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Apple copied iPhone 6 model from a China Phone

A court has ruled that Apple stop sales of iPhone 6 and iPhone 6 Plus in China stating that the model design patent belongs to a Chinese Smartphone designer.

Beijing’s intellectual property regulator has ordered Apple Inc. to stop sales of the iPhone 6 and iPhone 6 Plus in the city, ruling that the design is too similar to a Chinese phone, in another setback for the company in a key overseas market.

It wasn’t immediately clear what impact the order would have. Some mobile-phone stores in the city said they had already stopped selling the two models months ago, switching to newer models. Apple will soon end production of both models, according to a person familiar with the production plans.

The two iPhone models infringe on a Chinese patent for exterior design held by Shenzhen Baili for its 100C smartphone, the Beijing Intellectual Property Bureau wrote in a statement on its website dated May 19.

An Apple spokeswoman in China didn’t immediately reply to phone calls and an email Friday. A phone operator at the Beijing Intellectual Property Bureau on Friday evening said no one was available to answer queries.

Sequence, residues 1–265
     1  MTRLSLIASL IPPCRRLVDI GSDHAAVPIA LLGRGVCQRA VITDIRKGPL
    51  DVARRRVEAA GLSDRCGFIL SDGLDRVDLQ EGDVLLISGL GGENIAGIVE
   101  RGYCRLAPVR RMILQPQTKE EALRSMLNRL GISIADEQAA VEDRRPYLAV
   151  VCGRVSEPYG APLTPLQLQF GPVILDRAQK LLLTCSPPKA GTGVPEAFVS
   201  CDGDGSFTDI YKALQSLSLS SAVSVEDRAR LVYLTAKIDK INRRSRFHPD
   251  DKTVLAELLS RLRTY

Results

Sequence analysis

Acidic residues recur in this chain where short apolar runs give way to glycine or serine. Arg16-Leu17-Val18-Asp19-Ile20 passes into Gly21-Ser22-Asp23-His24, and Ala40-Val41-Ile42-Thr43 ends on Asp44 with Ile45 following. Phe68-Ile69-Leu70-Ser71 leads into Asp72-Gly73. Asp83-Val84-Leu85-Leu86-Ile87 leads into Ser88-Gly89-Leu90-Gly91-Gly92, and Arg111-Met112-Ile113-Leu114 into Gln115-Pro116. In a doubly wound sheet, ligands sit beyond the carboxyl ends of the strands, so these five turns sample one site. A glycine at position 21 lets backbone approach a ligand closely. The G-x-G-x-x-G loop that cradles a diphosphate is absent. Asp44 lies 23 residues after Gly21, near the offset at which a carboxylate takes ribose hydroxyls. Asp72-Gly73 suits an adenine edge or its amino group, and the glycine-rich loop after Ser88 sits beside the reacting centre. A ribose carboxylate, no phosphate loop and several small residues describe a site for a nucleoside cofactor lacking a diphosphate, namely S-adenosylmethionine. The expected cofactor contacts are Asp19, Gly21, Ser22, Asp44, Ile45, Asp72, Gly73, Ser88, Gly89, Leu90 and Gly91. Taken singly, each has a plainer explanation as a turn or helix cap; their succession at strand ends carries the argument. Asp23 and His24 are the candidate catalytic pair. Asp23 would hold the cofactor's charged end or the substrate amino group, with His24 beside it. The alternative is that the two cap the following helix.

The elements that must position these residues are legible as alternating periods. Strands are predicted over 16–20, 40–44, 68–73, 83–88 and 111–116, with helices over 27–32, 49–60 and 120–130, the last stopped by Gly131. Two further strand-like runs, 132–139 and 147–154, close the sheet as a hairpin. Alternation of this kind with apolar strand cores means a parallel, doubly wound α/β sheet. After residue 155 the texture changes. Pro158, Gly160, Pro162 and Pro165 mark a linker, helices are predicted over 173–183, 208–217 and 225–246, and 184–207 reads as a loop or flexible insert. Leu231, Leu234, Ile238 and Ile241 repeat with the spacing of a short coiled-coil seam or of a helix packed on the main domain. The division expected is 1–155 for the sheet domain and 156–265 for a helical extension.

It is the latest challenge for Apple in China, its largest market outside of the U.S. Falling iPhone sales in China was a major factor in Apple posting its first quarterly decline in revenue in 13 years in April. China also shut down Apple’s iBooks and iTunes Movies services that month, with regulators telling the company it didn’t have the necessary licenses, according to people familiar with the matter.

Apple last month announced a $1 billion investment in Chinese ride-hailing company Didi Chuxing Technology Co., an unusual investment for the company. Analysts said it was likely made in part to curry favor with Beijing, as Apple faces challenges in the country on multiple fronts.

Apple has the option to appeal the ruling to a higher court, according to Chinese law.

What does this mean for iPhone 6 and iPhone  Plus users in Nigeria? Leave your comments below.

 

Credit: Original Report by Eva Dou (eva.dou@wsj.com)

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